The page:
Saturn’s sixth-largest moon, Enceladus (504 kilometers or 313 miles across), is the subject of much scrutiny, in large part due to its spectacular active geysers and the likelihood of a subsurface ocean of liquid water. NASA’s Cassini orbiter has studied Enceladus, along with the rest of the Saturnian system, since entering orbit in 2004. Studying the composition of the ocean within is made easier by the constant eruptions of plumes from the surface, and on October 28, Cassini will be making its deepest-ever dive through the ocean spray from Enceladus - passing within a mere 30 miles of the icy surface. Collected here are some of the most powerful and revealing images of Enceladus made by Cassini over the past decade, with more to follow from this final close flyby as they arrive.
Here is a picture of Enceladus taken on June 10th 2006:
That is picture number 25, or rather, a horizontal slice of it.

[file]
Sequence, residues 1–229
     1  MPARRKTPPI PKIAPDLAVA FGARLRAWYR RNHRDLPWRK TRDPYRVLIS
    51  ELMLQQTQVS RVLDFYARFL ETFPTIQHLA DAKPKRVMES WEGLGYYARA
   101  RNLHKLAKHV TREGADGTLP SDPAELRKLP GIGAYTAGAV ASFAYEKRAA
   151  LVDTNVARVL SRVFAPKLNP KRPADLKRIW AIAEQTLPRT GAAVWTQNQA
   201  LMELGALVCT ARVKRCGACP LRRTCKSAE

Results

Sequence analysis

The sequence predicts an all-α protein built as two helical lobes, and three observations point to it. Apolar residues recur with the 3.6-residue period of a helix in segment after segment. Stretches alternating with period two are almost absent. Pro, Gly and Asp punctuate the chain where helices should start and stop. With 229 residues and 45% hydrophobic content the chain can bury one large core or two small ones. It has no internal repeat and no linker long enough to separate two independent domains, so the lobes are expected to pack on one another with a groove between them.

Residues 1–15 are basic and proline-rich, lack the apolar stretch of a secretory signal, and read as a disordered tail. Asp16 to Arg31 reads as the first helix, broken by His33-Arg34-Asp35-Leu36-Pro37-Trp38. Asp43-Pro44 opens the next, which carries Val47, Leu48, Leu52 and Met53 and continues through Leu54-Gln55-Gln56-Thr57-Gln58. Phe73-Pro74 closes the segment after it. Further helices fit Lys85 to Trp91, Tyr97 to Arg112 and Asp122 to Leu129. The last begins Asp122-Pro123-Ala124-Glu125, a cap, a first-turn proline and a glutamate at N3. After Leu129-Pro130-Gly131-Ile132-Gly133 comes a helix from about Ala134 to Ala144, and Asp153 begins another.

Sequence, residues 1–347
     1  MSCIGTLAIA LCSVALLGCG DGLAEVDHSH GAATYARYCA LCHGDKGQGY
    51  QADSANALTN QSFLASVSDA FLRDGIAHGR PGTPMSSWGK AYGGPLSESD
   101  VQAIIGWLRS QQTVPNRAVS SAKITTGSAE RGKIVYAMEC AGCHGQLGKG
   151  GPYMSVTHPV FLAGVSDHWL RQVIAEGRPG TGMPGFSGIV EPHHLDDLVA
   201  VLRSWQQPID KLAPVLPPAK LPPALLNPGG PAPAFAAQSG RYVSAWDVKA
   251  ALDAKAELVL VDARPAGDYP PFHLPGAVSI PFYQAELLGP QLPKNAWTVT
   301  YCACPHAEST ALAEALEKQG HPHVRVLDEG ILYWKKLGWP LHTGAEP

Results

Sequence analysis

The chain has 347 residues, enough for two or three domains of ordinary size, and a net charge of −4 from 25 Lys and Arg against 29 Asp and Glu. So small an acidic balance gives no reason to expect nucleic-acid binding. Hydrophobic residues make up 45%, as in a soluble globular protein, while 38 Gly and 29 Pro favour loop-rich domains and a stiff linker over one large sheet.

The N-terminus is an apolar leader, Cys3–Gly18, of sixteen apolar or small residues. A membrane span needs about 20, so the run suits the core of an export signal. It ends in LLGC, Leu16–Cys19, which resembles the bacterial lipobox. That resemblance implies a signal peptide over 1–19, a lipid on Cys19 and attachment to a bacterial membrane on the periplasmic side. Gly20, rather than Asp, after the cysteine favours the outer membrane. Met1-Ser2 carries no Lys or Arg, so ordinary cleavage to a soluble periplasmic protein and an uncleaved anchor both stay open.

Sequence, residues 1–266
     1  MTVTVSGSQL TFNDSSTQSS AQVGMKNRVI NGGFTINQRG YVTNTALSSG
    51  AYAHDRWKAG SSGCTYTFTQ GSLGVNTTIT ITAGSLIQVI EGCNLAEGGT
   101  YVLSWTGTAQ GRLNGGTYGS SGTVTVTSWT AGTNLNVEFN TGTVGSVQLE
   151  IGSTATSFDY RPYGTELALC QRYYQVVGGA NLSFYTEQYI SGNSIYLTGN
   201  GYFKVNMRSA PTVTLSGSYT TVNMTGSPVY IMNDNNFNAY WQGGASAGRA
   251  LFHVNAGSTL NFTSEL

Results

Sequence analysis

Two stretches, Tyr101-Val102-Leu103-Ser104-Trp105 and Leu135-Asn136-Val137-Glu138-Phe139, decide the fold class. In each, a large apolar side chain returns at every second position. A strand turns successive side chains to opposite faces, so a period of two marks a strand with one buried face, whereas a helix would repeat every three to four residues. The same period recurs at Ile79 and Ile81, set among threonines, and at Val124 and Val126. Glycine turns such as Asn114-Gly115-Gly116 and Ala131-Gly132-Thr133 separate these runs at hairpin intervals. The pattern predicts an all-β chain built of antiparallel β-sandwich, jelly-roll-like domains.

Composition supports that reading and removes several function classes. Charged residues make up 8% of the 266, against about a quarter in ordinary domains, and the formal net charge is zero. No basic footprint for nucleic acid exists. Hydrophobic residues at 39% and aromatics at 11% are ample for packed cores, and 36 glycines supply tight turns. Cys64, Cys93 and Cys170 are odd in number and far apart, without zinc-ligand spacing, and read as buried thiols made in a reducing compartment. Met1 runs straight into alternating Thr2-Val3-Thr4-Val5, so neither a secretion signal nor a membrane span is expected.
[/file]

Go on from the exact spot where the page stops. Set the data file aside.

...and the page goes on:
Beyond Enceladus and Saturn’s rings, Titan, Saturn’s largest moon, is ringed by sunlight passing through its atmosphere. Enceladus passes between Titan and Cassini ...
That’s right. Those two horizontal, ever so slightly converging white lines and the edge of the Rings of Saturn.
Picture number 10 is even more horizontalisable:
A pair of Saturn’s moons appear insignificant compared to the immensity of the planet in this Cassini spacecraft view. Enceladus, the larger moon is visible as a small sphere, while tiny Epimetheus (70 miles, or 113 kilometers across) appears as a tiny black speck on the far left of the image, just below the thin line of the rings.
That one was taken on November 4th 2011.
From the Washington Post, yesterday:
The piece also asks if it is only a matter of time before regular driving is banned. I think this will happen in lots of places, and driving a car will become like riding a horse. It will be something you do only for fun. I probably won’t live to see this, but I probably will live to see it quite widely discussed.
Vanity Fair piece about Frank Gehry. Key paragraph: